10. Actually I think Trudeau becoming the biggest drug dealer in the country has spurred their business to heights unimaginable. The legal price is so high, customers are flocking to the street to buy and since it’s now legal to own the cops won’t bother you for simple possession. As more of the general public get gradually addicted, the more customers there will be. It’s a bloody dream come true for the illegal market....They now have the government doing free advertising for their product. Weed prices soar since legalization, illegal pot selling for half the price: StatCan https://www.ctvnews.ca/canada/weed-prices-soar-since-legalization-illegal-pot-selling-for-half-the-price-statcan-1.4380012
  11. https://globalnews.ca/news/5760778/snc-lavalin-scandal-mclellan-report/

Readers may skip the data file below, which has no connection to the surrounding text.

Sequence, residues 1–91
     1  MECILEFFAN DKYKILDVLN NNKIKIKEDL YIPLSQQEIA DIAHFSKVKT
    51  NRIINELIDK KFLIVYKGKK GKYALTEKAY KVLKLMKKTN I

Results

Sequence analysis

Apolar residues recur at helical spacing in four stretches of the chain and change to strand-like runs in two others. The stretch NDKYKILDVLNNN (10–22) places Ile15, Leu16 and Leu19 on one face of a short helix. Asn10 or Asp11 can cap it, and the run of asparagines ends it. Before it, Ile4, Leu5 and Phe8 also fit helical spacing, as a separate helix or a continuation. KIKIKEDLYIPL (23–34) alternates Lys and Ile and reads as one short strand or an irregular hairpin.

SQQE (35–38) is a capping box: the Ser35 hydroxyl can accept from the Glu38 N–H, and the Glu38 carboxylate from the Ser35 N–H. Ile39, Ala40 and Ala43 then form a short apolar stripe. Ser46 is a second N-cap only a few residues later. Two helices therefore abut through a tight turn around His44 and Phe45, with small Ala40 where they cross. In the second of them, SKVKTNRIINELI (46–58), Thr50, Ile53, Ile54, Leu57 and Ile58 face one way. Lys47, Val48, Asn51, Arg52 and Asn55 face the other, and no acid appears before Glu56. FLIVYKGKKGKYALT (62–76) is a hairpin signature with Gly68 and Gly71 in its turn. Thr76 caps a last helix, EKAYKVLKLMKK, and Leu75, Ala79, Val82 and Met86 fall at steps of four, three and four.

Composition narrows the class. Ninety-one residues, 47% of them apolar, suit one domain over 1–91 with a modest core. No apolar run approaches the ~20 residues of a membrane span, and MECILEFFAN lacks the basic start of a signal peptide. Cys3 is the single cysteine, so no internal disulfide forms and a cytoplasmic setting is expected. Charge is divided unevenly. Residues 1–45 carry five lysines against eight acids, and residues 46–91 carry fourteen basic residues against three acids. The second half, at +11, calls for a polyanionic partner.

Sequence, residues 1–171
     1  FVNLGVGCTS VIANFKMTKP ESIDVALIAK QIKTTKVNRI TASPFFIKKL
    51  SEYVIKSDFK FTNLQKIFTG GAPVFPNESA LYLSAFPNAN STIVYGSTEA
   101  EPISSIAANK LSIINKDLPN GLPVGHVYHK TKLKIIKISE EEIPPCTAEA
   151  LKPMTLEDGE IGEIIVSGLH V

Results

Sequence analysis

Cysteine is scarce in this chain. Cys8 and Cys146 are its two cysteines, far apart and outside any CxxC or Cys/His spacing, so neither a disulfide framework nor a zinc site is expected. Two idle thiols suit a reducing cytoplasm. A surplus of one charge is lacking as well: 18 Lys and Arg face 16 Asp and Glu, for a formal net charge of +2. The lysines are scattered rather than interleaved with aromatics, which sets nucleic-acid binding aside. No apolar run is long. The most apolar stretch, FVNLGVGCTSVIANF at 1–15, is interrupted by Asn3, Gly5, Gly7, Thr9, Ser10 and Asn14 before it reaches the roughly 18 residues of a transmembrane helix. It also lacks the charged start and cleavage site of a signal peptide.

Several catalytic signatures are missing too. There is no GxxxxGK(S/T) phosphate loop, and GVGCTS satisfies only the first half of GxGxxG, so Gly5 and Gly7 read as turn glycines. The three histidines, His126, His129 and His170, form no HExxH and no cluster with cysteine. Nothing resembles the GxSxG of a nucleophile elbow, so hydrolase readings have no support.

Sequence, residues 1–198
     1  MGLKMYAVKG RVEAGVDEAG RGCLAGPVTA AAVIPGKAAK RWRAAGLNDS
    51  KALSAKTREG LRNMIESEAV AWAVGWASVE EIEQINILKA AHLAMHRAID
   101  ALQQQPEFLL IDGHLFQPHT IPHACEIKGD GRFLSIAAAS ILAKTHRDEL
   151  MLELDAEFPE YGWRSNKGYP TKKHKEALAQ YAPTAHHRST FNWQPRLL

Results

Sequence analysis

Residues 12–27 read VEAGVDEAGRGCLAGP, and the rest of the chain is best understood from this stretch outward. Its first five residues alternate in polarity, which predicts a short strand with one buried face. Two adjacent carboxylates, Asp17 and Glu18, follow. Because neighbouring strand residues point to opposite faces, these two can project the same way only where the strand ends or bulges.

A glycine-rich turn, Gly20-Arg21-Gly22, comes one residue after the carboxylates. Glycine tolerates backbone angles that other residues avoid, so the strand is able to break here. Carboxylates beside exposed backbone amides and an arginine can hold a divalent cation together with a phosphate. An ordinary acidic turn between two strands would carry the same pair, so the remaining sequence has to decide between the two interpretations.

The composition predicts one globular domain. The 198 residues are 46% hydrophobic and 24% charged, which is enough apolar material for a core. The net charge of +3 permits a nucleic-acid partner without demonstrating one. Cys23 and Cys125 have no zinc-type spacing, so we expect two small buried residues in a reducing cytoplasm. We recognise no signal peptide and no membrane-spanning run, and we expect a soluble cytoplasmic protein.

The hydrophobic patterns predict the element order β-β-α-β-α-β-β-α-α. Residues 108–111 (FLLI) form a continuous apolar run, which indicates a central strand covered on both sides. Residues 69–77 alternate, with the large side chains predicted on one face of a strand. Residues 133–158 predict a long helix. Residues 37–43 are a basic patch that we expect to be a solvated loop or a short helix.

12. Islamic Terrorist Convicted For Mass Murder Plot Granted Canadian Citizenship Zakaria Amara is a convicted terrorist, serving a life sentence for his role in a plot to murder dozens of Canadians. And now, thanks to a Trudeau government bill passed through the Senate, Amara will be given the privilege of Canadian citizenship. He came to Canada as a teenager, became a Canadian citizen as a young man, and, by the time he turned 20, he was behind bars and charged with terrorism. An IDEAL Canadian citizen, no? Amara was the ringleader of a sophisticated terrorist cell known as the Toronto 18. He recruited, trained and groomed fellow Islamist extremistsand worked towards a deadly terrorist plot. Amara wanted to detonate bombs in downtown Toronto, and coordinate shooting sprees at the CBC and the Toronto Stock Exchange. He planned to siege Parliament Hill in Ottawa, and carry out executions and beheadingsof politicians, including the Prime Minister. Under the previous Harper government,Amara had his Canadian citizenship revoked and was set to be deported the moment he was released from prison. Then under Justin Trudeau, the deportation was cancelled. Trudeau said during the 2015 election campaign that he believes “terrorists should get to keep their Canadian citizenship.” He has kept to his wordregarding the pledge. Trudeau’s Immigration Minister Ahmed Hussen told the Senate that the Liberal government had initiated the process to restore citizenship to the convicted terrorist. What Somalian import Hussen neglected to say is the reason why he and boss-man Trudeau made this decision. Trudeau’s agenda prioritized helping a man who hates Canada so much he wanted to wage war against it. Amara was so ungrateful to his host country that he plotted to mass murder civilians in a senseless and unprovoked attack. And yet, Trudeau rewards him with the privilege of Canadian citizenship. What a sad state of affairs. In 2010, a white South African family – Charl and Naira Nel as well as their daughter – left South Africa and applied for refugee status in Canada. They told the Immigration and Refugee Board (IRB) that they feared being victims of crime and violence — the women feared rape, which is prevalent in South Africa, and all feared violence targeting whites. The Trudeau government defended the rejection of the South Africans, stating the fear of white children being raped by blacks was highly offensive as the information the family relied on was “white-supremacist hate literature”that should be ignored. The family’s appeal was rejected. Immigration Minister MP Ahmed Hussenslams the door shut on white folks from South Africa claiming refugee status, while approving citizenship for a convicted Islamic terrorist who plotted to blow up innocent Canadians in an attempt at mass murder. READ MORE: Will Four More Years Of Justin Trudeau As Prime Minister Break Canada Apart? This is the individual Justin Trudeau empowered as the person responsible for immigration and refugee status in Canada. In other words, our nation’s demographic destiny is in the hands of an Anglo-hating refugee from Somalia. What is described in this article should be CRIMINAL. Instead, the criminals are the Anglophone Canadians Trudeau has spent the past four years branding racist, bigoted and genocidal. Then, come October 21st, 2019, MILLIONS of these Anglophones will vote for Justin Trudeau, as media propagandize voters into believing Mr. Trudeau is a righteous, benevolent advocate for equality amongst ALL CANADIANS. He isn’t–and neither is his myopic, ethno-centric migration minister. Prioritizing dangerous criminal terrorists for citizenship in Canada is a slap-in-the-face to ALL Canadians–including peaceful migrants looking to lead a safe, quiet life within our borders. Just say NO to the back-stabbing social agenda of the Trudeau government. Our children will thank you for it— if government doesn’t pass legislation prohibiting them to be born. With additional text from Candice Malcolm of the Toronto Sun. https://capforcanada.com/islamic-terrorist-convicted-for-mass-murder-plot-granted-canadian-citizenship/